Study indicates that superior visual skills were highly related to superior volleyball performance
The Relationship Between Visual Skills and Volleyball Performance of NCAA D
by: Frank Spaniol
The Relationship Between Visual Skills and Volleyball Performance of NCAA Division I Volleyball Players
Spaniol, F., Temple, D., Ocker, L., Bonnette, R., Melrose, D, Monteiro, I.
Sport Science Research Laboratory Texas A&M University-Corpus Christi
The purpose of this study was to investigate the relationship between visual skills and volleyball performance of NCAA Division I volleyball players. Participants consisted of thirteen female NCAA Division I volleyball players (height 179.36 ± 7.73cm, age 18-25 years) who were evaluated for visual skills and performance during the 2008-2009 season. Visual skills were assessed using Vizual Edge Performance Trainer® (VEPT), a commercial software program designed to evaluate and train visual skills.
Subjects were assessed for eye alignment, depth perception, convergence, divergence, visual recognition, and visual tracking. A composite score (final VEPT score) was also calculated for each subject. Volleyball performance was determined by end of season statistics, which included kills, kills per set, attack errors, hitting percentage, assists, assists per set, serve aces, serve aces per set, serve errors, reception errors, digs, digs per set, blocks solo, blocks assisted, total blocks, blocks per set, blocking errors, and ball-handling errors.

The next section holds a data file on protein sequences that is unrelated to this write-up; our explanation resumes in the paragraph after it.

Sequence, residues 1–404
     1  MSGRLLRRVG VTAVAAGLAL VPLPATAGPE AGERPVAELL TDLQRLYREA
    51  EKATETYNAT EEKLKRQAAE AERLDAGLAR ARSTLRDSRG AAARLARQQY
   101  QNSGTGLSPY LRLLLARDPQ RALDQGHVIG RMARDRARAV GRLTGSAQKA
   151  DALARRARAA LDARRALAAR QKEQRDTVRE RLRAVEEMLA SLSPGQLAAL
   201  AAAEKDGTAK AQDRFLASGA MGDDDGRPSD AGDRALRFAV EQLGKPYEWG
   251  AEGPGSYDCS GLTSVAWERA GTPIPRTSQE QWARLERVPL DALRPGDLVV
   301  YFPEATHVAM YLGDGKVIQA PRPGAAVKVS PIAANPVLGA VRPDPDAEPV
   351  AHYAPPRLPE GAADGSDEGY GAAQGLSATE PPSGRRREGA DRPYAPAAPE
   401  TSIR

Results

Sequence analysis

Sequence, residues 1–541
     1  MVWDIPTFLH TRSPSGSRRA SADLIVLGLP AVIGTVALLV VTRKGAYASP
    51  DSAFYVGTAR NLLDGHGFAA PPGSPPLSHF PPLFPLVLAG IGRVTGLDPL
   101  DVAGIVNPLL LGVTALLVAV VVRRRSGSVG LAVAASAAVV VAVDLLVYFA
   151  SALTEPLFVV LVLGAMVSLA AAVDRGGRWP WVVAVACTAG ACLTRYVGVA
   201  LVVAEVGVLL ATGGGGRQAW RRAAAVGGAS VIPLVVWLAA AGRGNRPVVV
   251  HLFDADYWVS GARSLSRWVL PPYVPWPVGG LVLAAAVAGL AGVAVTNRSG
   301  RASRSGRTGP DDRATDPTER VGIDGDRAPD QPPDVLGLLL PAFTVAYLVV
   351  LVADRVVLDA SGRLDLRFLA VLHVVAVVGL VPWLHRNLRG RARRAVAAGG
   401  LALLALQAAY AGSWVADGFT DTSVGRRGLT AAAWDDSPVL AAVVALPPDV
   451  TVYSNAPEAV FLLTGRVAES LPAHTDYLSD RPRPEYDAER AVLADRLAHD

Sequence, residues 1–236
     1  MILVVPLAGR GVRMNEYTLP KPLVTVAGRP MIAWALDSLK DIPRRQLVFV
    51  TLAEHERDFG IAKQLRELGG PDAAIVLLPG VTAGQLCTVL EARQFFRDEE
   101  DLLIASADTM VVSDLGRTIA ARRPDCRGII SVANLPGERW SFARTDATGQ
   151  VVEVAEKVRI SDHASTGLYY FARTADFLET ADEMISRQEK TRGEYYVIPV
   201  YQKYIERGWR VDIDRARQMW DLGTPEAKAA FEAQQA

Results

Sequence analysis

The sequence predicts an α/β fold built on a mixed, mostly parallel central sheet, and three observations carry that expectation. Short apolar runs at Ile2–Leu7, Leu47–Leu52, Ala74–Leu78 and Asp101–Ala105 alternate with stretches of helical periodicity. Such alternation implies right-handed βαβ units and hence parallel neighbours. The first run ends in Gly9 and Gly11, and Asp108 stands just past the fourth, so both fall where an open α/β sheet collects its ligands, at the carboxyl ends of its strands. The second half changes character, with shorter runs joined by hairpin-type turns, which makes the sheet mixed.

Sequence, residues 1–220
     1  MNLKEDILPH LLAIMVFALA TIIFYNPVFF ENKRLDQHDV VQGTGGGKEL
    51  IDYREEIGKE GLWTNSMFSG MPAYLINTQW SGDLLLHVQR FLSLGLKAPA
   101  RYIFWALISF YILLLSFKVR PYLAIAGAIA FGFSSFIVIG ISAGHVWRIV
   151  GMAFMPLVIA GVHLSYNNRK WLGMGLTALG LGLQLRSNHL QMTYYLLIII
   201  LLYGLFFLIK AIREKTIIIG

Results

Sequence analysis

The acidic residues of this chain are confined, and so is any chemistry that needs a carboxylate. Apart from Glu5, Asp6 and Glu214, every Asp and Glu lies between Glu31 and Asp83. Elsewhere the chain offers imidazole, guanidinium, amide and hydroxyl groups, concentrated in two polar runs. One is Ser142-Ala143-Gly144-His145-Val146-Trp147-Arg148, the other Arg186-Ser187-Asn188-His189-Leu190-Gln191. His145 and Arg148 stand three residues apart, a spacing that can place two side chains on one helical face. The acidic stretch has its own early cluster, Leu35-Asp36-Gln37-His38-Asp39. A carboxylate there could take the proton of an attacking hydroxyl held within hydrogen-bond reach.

Data analysis was performed by utilizing a correlation matrix to calculate correlation coefficients between the vision and performance variables. Statistical analysis indicated significant (p < 0.05) relationships between convergence percentage and attack percentage (r = 0.55), divergence station score and assists per set (r = 0.53), visual recognition percent correct and hitting percentage (r = 0.71), eye alignment and blocks per set (r = -0.56), visual recognition response time and attack percentage (r = -0.74), and visual recognition percent correct and reception errors (r = - 0.57).
The results of this study indicate that superior visual skills were highly related to superior volleyball performance statistics in several areas. Since visual skills appear to play a crucial role in volleyball performance, coaches may consider using programs such as VEPT to assess volleyball players.